And that’s quite a skill you’ve got there, operating the steering wheel by telekinesis, leaving both arms free to flap around in the manner of one with a wasps’ nest in each armpit.

Then there was the way you were frantically bouncing around in your seat, as if you’d just realised your bottom was involuntarily hosting a recently-ignited firework.

Continue reading

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04/23/15

Mackerel and its Part in my Downfall: Part 2.

After the fishing trip in Tenby, mackerel played no part in my life until many years later when a boyfriend –let’s call him Tarquin – took me to meet his mother.

Tarquin was a lumbering, rugby playing chap who clowned around a lot.  He had a clutch of posh, amiable siblings, with names like Montgomery, Araminta and Rupert, unfortunately absent on the day of our visit.  I believe there was a step father too but he too was nowhere to be seen when we visited. Probably cowering under a bed somewhere, sucking his thumb.

Because Mrs Tarquin was terrifying. Continue reading

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03/12/15

Labour’s Pink Van.

Oh Labour party, whatever have you done?  A pink van to entice women voters?    labour party pink bus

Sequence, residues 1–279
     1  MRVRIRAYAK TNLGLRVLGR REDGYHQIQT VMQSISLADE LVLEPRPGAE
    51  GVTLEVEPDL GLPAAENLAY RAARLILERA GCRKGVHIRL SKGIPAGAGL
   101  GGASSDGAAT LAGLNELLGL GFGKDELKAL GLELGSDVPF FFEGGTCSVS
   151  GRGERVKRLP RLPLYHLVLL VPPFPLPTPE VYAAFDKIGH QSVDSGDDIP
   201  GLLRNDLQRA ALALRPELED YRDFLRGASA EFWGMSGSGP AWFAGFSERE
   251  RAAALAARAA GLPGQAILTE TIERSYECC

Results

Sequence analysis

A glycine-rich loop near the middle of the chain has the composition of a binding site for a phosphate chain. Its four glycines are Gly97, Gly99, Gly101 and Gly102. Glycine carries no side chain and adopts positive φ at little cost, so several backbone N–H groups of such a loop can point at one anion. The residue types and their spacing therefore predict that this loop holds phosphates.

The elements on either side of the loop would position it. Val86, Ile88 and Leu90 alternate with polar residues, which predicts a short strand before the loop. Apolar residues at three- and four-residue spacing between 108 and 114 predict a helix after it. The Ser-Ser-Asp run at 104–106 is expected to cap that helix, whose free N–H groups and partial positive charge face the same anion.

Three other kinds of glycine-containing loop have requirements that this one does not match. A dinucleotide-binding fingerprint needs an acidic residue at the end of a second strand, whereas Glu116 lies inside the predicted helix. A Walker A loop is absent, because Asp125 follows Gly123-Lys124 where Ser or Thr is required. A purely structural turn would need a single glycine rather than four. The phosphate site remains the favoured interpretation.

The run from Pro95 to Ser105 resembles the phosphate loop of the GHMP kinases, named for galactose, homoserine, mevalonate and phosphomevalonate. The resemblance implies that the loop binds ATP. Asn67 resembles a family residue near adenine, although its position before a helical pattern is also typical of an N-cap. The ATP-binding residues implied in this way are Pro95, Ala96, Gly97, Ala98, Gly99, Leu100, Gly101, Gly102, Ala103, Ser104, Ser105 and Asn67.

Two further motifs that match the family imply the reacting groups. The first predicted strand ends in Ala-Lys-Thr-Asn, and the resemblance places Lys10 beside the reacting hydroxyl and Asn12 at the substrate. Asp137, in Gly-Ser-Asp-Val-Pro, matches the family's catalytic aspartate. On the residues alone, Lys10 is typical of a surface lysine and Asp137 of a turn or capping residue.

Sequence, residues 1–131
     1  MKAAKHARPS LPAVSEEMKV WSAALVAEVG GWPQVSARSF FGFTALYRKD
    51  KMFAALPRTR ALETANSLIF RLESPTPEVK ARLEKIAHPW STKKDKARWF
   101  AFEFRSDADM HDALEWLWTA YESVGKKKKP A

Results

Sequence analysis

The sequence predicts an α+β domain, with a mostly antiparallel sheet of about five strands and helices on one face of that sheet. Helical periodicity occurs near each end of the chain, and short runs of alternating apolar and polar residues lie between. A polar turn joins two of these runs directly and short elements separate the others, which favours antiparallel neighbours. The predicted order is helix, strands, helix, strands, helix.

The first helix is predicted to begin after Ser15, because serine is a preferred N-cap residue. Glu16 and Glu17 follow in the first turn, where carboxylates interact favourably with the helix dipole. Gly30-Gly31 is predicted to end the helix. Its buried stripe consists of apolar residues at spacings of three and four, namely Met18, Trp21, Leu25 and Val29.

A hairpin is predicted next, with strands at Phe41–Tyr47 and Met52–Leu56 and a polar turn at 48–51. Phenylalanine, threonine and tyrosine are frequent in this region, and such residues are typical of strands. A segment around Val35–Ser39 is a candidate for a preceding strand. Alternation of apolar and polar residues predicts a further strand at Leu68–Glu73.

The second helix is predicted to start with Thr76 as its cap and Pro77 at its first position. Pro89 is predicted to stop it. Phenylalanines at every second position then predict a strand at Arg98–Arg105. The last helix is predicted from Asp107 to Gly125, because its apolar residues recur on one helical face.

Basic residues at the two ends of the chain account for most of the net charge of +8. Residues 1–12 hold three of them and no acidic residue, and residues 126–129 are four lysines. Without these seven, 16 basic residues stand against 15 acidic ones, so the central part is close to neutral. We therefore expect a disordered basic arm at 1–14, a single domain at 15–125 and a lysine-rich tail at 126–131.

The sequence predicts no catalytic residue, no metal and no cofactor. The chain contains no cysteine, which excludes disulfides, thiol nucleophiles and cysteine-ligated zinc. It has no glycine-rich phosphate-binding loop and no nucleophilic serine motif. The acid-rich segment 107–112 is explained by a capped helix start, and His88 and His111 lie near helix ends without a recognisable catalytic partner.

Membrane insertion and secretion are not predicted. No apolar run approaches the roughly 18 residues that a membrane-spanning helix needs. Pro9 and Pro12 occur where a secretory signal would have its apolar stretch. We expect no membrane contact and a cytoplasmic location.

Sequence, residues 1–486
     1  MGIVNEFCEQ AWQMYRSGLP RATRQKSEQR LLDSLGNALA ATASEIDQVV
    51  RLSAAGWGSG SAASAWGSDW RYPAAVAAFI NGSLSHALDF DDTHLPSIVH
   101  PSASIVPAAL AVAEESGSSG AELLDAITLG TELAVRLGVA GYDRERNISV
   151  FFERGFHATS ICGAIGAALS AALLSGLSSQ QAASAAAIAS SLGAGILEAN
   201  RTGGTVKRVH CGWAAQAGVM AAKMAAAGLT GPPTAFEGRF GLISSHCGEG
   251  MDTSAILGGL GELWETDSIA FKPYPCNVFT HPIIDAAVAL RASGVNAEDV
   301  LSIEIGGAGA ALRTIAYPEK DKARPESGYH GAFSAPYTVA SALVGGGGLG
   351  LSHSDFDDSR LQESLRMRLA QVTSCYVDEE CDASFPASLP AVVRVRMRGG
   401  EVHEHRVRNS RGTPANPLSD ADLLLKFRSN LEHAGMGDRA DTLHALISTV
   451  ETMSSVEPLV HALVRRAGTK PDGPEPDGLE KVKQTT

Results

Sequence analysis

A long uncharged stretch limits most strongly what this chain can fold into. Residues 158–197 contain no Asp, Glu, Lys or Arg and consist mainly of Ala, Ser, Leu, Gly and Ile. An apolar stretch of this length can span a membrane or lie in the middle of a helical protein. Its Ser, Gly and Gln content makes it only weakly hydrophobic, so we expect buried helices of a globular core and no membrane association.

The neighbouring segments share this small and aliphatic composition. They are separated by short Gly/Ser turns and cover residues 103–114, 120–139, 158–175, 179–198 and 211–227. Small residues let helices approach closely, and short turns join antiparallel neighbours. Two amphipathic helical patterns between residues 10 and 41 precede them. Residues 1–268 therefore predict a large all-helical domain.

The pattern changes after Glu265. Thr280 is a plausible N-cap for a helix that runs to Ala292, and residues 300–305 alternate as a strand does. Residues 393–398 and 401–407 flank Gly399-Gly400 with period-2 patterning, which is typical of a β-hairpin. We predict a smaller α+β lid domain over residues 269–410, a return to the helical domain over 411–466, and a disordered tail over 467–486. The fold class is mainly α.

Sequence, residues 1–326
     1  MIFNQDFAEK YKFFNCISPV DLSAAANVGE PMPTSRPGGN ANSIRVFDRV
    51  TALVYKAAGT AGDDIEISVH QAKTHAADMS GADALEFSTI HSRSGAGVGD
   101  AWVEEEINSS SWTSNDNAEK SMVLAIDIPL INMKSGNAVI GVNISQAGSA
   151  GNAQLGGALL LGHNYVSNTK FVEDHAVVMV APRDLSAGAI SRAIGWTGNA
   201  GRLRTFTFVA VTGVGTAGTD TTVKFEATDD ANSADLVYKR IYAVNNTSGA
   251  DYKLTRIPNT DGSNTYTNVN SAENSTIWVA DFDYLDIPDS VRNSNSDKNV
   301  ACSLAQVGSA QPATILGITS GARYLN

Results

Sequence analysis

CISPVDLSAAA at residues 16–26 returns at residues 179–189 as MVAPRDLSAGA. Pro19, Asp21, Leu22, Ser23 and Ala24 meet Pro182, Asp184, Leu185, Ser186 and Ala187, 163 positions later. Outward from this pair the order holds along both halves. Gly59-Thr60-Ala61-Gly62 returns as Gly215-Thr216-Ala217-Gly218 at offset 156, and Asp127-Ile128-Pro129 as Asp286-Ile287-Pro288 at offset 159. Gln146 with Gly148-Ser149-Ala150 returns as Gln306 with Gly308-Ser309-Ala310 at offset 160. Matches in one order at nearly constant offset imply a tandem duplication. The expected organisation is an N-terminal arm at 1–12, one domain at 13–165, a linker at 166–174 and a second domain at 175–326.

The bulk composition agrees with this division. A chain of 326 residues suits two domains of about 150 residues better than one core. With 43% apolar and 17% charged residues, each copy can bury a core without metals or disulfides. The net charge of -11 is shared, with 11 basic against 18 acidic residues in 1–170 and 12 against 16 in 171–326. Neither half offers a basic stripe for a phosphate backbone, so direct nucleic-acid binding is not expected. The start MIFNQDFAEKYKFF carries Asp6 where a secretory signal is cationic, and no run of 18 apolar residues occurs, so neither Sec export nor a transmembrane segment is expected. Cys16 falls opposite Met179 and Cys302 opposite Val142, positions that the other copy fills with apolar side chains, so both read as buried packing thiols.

Really?  Don’t women get patronised enough with pink gardening shears, pink screwdrivers, pink tool boxes, pink fizzy alco-pops, pink bloody everything?

This looks like the sort of van that goes round Freshers’ Fairs dishing out chlamydia testing kits and fruit flavoured condoms to 17 year olds.

I’m surprised there isn’t a rotating mirror ball on the roof, eyelashes on the headlamps and tinsel round the tyres. Does it fart glitter out of the exhaust pipe too? Continue reading

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11/1/13

When I’m Cleaning Windows. (Not).

Some strange scrabbling noises at the front of the house this morning prompted me to stick my head out of the bedroom window.

A young man with a purposeful expression was climbing up a ladder.

Now a purposeful young man on a ladder may sound promising but I hadn’t ordered one and as he was clutching a bucket and a squeegee, there was no mistaking his intention.  Some tactful questioning revealed that he was, as I suspected, a window cleaner at the wrong house.
‘Uhh, I had a few beers last night, don’t really know what I’m doing this morning,’ he said,  switching his direction to reverse and dropping his squeegee on his descent. Continue reading

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08/27/13

Wot Badge?

Trip Advisor keep emailing me. They say they’ll give me a badge when I’ve done 5 reviews.

Now I don’t wish to appear ungrateful but the last time I ever had the urge to acquire a badge was many years ago. Put it this way, I was still at the age where I was troubled by double Maths on a Friday afternoon.